Originally Posted by SizzlininIN
Hope this is the right place to put this. I really enjoy pizza now and then but now that I'm eating healthier I feel hesitant on eating it....don't get me wrong I will still eat a piece or two now and then.
Anyway, is it possible to make a wheat pizza dough? One that doesn't use enriched wheat flour or any all-purpose white flour? If so, does anyone have a recipe for it?
I'm not sure how it'll taste since I'm so used to the regular type of crust but I'm ready and willing to try.
You can use any good basic bread dough as pizza dough. I regularly use half and half, organic whole wheat flour and organic ap flour. The last few times I've done pizza however, i have used two thirds whole wheat. It definitely is a different flavor than what you're used to if you eat pizzeria pizza with all white flour, but especially with heartier toppings, the whole wheat is very tasty. I really like it with the traditional Provençal topping of caramelized onions, shredded Gruyère cheese, anchovies and olives. Very earthy and wonderful.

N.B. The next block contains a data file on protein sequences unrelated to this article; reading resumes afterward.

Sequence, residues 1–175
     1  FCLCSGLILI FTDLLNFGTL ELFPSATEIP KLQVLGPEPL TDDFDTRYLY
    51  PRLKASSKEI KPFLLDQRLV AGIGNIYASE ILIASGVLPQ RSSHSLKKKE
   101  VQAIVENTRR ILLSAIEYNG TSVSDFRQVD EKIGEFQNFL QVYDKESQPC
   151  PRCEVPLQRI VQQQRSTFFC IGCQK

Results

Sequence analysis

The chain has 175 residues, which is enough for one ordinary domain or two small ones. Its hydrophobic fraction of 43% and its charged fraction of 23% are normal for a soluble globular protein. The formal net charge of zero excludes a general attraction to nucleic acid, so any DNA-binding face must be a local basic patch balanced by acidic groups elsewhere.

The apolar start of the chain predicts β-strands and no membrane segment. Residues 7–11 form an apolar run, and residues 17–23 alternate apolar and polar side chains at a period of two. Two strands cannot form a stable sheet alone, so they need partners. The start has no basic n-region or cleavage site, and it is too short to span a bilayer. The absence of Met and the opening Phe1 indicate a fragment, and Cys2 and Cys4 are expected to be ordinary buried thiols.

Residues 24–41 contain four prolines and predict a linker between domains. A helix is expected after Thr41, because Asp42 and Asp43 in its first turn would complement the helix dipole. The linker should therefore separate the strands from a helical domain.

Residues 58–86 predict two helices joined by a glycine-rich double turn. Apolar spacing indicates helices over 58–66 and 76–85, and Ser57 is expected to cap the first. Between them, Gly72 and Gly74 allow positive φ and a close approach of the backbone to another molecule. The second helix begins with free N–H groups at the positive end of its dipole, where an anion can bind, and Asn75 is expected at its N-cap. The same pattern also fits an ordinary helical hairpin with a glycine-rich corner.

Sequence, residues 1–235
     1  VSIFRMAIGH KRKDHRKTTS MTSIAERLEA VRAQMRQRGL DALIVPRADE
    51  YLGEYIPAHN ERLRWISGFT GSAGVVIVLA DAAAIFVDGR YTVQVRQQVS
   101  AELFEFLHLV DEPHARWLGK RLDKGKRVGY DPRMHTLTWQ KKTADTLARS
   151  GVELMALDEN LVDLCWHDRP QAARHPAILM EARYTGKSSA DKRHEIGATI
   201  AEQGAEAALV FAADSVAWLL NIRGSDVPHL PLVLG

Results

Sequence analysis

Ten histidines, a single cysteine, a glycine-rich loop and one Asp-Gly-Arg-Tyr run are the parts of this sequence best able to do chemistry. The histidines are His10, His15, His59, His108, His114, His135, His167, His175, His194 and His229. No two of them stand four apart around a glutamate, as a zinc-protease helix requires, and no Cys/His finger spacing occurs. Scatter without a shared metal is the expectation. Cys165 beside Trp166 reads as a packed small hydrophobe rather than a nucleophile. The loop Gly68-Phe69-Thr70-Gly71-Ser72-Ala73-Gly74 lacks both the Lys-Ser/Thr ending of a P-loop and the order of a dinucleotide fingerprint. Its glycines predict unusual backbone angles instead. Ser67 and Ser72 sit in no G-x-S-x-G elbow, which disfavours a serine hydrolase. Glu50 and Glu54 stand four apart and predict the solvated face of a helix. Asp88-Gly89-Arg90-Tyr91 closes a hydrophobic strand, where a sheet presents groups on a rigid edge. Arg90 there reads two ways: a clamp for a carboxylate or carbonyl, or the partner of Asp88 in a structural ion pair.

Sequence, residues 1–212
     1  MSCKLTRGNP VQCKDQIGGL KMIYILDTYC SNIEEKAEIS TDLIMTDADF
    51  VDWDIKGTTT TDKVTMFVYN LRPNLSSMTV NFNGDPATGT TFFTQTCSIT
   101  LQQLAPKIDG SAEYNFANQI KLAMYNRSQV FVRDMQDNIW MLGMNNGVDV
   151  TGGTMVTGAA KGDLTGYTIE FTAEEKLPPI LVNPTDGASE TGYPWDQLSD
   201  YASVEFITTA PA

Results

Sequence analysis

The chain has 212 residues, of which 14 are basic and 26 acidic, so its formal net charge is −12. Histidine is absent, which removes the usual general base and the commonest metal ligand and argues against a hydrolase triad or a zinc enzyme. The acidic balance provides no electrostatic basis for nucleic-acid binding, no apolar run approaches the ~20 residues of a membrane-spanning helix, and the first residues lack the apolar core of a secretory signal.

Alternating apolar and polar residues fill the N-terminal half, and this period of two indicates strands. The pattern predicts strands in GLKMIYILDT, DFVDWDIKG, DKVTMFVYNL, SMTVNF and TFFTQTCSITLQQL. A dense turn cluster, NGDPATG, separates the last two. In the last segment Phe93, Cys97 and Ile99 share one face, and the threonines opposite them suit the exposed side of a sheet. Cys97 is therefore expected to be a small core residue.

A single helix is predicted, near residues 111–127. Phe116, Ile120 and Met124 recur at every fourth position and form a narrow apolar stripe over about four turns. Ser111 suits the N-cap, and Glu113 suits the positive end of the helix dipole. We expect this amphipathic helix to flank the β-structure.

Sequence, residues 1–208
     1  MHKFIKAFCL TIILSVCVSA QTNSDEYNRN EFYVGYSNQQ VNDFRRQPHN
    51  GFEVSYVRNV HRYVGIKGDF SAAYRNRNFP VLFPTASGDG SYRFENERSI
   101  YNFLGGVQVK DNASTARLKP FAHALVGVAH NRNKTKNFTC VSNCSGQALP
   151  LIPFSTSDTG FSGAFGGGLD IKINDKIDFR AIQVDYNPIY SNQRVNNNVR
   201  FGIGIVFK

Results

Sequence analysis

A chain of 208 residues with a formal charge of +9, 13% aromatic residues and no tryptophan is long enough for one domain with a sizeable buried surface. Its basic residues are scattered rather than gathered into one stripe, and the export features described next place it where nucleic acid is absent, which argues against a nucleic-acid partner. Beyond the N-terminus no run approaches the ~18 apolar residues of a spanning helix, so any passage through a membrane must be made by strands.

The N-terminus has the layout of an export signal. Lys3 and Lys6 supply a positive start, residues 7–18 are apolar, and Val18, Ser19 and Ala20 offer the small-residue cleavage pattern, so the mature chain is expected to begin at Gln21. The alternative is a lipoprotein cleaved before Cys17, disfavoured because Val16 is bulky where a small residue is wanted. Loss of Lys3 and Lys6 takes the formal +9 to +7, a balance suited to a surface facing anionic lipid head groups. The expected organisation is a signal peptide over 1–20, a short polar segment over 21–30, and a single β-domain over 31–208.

Here's my favorite basic pizza dough.
If you use all whole wheat flour, you will have to knead the dough twice as long, at least.
one 11 x 15 inch rectangle
or 2 12-inch pizzas
2 packages active dry yeast
3 1/2 cups unbleached flour use as much whole wheat flour as you like)
1 cup lukewarm water
1 1/2 teaspoon sea salt
3 tablespoons extra virgin olive oil
Dissolve yeast in lukewarm water. Let stand for 10 minutes. In a mixing bowl, combine flour and salt. Make a well in the center and pour in the oil and the yeast mixture. With your hand, stir the flour into the liquid and gather the mixture into a ball. Turn dough out onto a floured board, or proceed to knead it in the bowl. Knead and slap the dough until it is smooth and elastic (like a baby's bottom). While kneading, add a little more flour, if necessary. Dough must be smooth, elastic, and not sticky. Gather dough into a ball and place it in a lightly oiled bowl. Set the bowl in a warm place, cover tightly with plastic wrap and let rise for about 1 hour, or until doubled in bulk.
Punch dough down, and knead a little. Shape into a ball, and let rise again (for about 1 hour). At this point, dough is ready to use.
NOTE: After the first rising, dough can be punched down and refrigerated or frozen. If frozen, thaw in refrigerator overnight.